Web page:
South Sudan pilot program links humanitarians with local faith groups

Members of the Islamic Development & Relief Agency cash for work program in Terekeka, South Sudan. Photo by: IDRA

NAIROBI — When the Islamic Development & Relief Agency built a water system and launched a livelihoods program in the Terekeka area of South Sudan, it was the organization’s first project where the services were provided to people of all religions. The organization had previously only served Muslim communities through its work.

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“Most of the time, if people see a borehole at the mosque or if they see that it was constructed by a Muslim organization, they think that this borehole is only for Muslims. But through this project, they learned that if something is for the community, then it is for everybody,” said Zabib Musa Loro, the organization’s executive director. “This project helped to unite the community.”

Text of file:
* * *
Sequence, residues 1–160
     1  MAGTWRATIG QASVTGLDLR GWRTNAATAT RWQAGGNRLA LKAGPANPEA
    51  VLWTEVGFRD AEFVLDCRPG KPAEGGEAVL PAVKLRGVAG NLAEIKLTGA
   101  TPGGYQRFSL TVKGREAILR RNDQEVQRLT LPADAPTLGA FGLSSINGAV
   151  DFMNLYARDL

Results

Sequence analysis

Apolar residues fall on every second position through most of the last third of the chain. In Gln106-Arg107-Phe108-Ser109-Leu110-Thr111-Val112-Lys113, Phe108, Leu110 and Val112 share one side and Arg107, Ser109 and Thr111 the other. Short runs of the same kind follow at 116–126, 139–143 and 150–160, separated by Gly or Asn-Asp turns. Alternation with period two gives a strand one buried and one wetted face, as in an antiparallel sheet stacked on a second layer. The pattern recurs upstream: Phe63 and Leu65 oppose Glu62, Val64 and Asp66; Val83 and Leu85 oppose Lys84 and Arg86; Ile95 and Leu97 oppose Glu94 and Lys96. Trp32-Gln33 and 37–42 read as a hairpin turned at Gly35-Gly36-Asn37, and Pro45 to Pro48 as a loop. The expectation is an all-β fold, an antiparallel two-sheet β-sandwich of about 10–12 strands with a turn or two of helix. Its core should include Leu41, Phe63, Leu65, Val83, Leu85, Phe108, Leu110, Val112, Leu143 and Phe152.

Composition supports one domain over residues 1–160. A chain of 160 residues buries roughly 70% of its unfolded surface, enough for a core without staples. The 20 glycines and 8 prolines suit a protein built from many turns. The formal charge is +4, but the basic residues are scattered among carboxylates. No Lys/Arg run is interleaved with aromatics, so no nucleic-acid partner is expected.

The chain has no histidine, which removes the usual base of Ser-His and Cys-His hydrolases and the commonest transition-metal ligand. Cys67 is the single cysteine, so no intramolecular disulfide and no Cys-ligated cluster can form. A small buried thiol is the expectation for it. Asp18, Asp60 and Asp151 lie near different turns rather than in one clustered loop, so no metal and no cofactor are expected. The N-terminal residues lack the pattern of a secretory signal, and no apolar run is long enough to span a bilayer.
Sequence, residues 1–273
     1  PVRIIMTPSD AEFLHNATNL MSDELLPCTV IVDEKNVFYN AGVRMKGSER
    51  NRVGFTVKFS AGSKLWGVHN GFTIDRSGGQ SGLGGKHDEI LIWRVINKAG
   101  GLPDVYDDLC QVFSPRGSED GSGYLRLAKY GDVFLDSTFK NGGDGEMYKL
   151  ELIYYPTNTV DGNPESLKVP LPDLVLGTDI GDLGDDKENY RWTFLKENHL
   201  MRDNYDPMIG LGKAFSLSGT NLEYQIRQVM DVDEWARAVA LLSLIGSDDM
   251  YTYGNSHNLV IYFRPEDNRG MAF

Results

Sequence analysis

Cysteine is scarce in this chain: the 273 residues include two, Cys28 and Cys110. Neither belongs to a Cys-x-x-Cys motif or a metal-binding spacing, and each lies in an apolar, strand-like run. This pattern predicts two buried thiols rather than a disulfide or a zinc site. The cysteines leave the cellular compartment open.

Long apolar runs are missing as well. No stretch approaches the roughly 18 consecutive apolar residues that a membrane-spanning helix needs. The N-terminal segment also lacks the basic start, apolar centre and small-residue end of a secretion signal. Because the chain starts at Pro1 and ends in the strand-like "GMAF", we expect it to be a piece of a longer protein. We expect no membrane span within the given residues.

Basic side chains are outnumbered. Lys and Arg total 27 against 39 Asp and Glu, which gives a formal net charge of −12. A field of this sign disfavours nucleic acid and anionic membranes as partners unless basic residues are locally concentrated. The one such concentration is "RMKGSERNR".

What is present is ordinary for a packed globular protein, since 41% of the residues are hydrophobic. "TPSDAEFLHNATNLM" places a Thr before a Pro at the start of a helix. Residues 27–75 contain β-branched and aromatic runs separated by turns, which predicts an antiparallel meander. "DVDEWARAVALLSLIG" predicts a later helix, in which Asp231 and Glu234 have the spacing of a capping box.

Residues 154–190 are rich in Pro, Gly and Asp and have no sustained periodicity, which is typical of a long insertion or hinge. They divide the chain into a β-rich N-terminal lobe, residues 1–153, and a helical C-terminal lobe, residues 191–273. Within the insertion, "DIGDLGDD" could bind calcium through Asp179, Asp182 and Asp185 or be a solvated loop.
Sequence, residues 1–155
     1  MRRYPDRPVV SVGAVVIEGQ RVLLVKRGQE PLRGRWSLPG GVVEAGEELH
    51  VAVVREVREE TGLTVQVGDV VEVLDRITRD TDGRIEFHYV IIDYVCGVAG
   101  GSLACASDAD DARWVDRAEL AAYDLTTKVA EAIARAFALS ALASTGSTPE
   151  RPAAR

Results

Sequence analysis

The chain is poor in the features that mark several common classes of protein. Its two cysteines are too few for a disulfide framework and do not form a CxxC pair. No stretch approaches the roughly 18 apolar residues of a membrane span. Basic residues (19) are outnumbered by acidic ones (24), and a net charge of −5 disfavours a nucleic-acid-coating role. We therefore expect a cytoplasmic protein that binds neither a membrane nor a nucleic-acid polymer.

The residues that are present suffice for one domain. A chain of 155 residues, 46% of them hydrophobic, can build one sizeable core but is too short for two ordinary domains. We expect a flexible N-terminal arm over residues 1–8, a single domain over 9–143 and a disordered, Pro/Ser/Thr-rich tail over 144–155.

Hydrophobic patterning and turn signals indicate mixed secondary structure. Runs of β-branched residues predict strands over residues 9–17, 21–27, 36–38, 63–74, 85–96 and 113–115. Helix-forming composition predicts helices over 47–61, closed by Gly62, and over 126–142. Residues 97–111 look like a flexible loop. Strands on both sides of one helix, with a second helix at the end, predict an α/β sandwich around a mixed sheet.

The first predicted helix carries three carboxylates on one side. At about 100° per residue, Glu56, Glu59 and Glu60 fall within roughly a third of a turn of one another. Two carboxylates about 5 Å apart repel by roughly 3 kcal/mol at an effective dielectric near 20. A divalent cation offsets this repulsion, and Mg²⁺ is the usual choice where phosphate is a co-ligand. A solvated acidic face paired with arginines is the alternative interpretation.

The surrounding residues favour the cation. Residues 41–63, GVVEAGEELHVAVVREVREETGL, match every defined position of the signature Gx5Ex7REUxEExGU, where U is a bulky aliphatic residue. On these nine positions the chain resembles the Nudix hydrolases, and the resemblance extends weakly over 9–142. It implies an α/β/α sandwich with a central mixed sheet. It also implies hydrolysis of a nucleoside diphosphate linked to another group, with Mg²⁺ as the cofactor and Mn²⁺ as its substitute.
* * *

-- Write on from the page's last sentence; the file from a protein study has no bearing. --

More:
This change in the organization’s practice is a result of training and mentorship that its members received, which attempted to help South Sudan’s local religious organizations improve their ability to collaborate with international humanitarian organizations, according to Loro.

The training was part of a 15-month pilot program that ran from 2018 to 2019, which included three four-day training sessions, designed to mimic a project cycle, in three locations — two in South Sudan and one in a neighboring district of Uganda with organizations that cross the border to provide aid in South Sudan. It also included online training through video calls and WhatsApp messaging.

Beyond lessons on why organizations should serve people of all religions in their humanitarian work, training sessions focused on areas such as humanitarian principles, codes of conduct, the “cluster system,” financial management, monitoring and evaluation, and tips on improving coordination between organizations. Groups were also provided tools such as budget and project proposal templates.